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  • Jake Corbin

And Now, Deep Thoughts

Art by Paul Rios


Shannon and I were in second grade when she asked me the question. We were having a conversation for once instead of my usual M.O.—me teasing her relentlessly. She was leaning against the sliding glass door in her parent’s Rosemont home, full of curiosity like most children. The only thing standing between us was the bright light filtering in from the kitchen window, shooting a laser beam of concentrated sun across the carpet and towards the couch.

“What do you want to be when you grow up?”

This wasn’t the first time someone had asked about my plans for the future.  I was 7-years-old.  It’s safe to say I had taken part in at least a few school projects dedicated to answering that very question.

This time was different, though.

“I want to write for ‘Saturday Night Live’ and live in New York City.”

It was the first time I had answered the question with sincere honesty.  I usually said “professional baseball player” or some other generic kid answer.  That’s not to say playing baseball for a living wouldn’t be amazing, but this time I put actual thought into what I was saying.  I took the question to heart.  I wanted to write and create.  I wanted to make people laugh.  I wanted to live in a studio apartment (like the artists I saw on TV), ride the subway and join a breakdancing crew (I was really into Beat Street at the time).

It was a significant moment.  Not because it proved I was capable of thinking before speaking, but because it was the first time I publically announced how much comedy meant to me.  If I had my way, I would make a career out of it.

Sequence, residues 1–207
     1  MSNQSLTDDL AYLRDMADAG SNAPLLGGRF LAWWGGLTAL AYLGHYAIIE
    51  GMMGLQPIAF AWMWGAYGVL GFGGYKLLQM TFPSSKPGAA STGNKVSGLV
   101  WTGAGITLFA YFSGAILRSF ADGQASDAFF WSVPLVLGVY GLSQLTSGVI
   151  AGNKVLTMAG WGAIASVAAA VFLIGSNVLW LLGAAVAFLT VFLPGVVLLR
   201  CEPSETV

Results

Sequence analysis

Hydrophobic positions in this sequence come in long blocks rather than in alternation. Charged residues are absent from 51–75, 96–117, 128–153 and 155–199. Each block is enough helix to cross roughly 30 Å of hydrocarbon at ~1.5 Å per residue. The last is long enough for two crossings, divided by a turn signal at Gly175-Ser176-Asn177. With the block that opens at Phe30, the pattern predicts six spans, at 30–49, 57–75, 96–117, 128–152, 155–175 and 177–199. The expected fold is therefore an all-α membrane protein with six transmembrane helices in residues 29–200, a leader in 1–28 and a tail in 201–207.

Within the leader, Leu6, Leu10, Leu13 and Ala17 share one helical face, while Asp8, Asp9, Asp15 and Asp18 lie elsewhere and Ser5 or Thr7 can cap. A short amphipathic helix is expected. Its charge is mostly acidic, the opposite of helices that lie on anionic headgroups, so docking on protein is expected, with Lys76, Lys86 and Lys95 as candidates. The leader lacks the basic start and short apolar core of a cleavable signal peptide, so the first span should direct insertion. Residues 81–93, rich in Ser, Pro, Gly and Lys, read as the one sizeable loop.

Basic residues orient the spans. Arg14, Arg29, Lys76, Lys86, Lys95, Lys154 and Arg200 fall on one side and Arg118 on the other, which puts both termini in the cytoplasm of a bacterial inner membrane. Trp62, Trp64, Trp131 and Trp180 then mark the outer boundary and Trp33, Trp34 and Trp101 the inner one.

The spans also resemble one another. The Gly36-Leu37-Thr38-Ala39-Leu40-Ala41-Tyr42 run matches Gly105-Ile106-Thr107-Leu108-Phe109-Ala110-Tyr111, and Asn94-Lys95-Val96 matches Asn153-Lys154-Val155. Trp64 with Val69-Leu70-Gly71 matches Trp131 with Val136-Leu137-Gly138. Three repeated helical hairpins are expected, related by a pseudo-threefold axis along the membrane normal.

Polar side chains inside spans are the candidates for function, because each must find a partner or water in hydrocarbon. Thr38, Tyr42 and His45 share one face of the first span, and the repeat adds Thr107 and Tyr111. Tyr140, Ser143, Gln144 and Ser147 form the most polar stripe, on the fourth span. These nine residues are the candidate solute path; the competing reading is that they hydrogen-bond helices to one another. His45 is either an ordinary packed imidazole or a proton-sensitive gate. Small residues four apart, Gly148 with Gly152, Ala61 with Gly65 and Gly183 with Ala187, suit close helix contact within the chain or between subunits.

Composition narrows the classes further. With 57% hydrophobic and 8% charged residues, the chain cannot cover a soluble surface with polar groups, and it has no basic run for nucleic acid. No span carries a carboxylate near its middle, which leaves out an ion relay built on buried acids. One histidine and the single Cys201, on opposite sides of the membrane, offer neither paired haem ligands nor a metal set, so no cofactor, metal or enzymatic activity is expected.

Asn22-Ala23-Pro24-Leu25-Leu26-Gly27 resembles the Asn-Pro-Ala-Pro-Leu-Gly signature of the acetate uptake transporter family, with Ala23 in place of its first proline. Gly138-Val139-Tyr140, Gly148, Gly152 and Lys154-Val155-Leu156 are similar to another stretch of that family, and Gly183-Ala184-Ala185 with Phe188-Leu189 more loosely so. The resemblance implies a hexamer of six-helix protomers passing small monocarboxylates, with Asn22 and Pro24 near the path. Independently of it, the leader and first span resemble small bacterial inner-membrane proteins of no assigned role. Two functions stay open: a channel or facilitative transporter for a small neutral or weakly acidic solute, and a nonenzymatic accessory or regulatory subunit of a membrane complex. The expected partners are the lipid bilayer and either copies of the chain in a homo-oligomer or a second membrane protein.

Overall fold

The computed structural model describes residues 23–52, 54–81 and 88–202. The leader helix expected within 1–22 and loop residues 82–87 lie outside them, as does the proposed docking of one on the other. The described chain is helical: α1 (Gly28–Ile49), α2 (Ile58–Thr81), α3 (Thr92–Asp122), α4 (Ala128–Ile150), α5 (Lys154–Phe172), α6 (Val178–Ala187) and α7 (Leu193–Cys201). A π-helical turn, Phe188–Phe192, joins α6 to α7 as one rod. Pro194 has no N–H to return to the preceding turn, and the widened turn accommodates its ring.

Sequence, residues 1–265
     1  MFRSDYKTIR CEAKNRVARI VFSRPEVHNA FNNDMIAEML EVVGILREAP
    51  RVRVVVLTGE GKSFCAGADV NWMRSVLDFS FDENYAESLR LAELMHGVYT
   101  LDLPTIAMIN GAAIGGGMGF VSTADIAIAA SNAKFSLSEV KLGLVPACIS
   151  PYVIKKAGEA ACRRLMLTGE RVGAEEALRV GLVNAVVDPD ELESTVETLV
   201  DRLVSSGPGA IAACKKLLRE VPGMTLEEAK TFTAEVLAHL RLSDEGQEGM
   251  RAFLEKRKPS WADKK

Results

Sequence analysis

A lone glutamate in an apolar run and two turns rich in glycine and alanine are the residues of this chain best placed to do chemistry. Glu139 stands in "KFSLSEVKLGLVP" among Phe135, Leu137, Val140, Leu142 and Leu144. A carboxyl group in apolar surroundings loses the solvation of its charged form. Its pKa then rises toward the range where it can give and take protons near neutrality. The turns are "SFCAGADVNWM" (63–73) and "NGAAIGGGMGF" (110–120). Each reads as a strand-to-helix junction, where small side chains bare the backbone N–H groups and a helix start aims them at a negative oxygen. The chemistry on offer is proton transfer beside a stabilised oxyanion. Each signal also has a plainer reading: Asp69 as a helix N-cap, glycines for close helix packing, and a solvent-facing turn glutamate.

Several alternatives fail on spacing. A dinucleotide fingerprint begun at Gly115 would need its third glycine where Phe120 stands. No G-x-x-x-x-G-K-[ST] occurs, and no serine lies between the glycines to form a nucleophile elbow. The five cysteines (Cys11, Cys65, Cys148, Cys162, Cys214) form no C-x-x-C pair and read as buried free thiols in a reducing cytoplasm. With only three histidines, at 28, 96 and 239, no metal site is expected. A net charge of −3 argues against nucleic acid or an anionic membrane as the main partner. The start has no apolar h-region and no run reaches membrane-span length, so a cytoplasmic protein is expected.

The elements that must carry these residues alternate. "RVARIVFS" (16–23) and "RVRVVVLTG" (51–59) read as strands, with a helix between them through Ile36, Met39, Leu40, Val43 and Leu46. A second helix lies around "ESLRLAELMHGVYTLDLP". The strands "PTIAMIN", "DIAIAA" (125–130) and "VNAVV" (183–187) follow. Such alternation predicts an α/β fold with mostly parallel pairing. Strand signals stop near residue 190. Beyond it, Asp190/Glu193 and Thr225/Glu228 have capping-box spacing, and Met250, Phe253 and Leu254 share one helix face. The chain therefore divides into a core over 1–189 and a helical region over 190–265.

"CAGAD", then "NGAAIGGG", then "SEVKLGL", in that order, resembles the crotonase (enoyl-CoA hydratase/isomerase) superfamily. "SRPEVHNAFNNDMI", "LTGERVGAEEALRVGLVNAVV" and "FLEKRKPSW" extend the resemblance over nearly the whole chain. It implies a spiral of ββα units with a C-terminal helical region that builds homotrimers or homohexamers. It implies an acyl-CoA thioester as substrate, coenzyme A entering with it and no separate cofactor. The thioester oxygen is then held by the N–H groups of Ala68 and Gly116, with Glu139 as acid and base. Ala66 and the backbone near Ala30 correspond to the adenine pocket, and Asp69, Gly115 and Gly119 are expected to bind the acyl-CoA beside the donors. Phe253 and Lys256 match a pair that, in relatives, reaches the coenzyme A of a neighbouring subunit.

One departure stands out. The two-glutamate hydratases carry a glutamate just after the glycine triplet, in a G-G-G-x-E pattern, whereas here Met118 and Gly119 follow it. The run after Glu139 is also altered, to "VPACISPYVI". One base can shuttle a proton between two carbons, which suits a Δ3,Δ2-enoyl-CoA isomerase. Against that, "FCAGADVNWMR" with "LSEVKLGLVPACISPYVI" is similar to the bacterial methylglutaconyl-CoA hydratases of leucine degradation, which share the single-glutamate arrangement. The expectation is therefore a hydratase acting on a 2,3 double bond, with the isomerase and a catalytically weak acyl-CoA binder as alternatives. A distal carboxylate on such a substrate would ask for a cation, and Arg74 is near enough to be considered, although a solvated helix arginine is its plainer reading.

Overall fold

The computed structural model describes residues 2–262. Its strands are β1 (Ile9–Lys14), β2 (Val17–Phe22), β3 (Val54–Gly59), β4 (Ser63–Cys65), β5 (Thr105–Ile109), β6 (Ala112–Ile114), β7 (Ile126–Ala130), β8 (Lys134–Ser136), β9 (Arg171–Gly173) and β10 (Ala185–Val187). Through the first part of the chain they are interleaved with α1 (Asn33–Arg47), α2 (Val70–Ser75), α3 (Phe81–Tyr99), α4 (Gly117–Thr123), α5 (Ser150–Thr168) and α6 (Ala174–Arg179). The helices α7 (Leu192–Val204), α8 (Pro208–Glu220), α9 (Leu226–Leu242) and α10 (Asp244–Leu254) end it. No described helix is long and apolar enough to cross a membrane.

“Oh, yeah?  I could see you doing that.”

Shannon seemed a bit thrown by my response, but who could blame her.  At that point in our lives, most of our friends had a deeper understanding of the “Snorks” than “Saturday Night Live.”

I wasn’t an expert on late-night sketch shows, either, but I am confident I had more insight than the average elementary school kid.  That same year, my dad, who’s been working at a TV station my entire life, decided to edit together his favorite “SNL” skits onto a single VHS tape.  His meticulous patch-working of the show’s early seasons was done for his amusement, but it blew my mind in the process.  When he popped in that plastic tape and introduced me to the Not Ready for Primetime Players, my view of comedy—and my definition of what funny was—literally transformed overnight.  I gleefully cringed at the Bass-O-Matic’s “terrific” product.  I laughed at the sword-happy Samurai Delicatessen.  I suddenly wanted to be a wild and crazy guy.

To put things lightly, my entire worldview expanded in the span of a couple of hours.

Some 25 years later, I still love “Saturday Night Live.”  I’ve read books about the show and watched documentaries.  I don’t always catch the new episodes, but my DVR always does.  I’m not a fan of every band they put on nowadays, but looking back maybe I never was.  The show is still funny, and I still get a rush every time I hear “live from New York…” at the end of the cold open.

The only real difference from that inquisitive day with my childhood friend is that I officially have a negative percent chance of, say, discussing the wording of a joke with Lorne Michaels—never working in comedy will do that.  I guess I’m the only one to blame for that one, though.

Still, some dreams die hard.  I haven’t stopped wanting to write and create.  I can’t stop trying to make people laugh.  I could probably get by in a studio apartment (although, I wouldn’t mind something bigger).  I like the idea of taking the subway, and I still enjoy the art of b-boying (just watched Beat Street again, too).

“What do you want to be when you grow up?”

“I want to write for ‘Saturday Night Live’ and live in New York City.”

Hopefully I still have room to grow.

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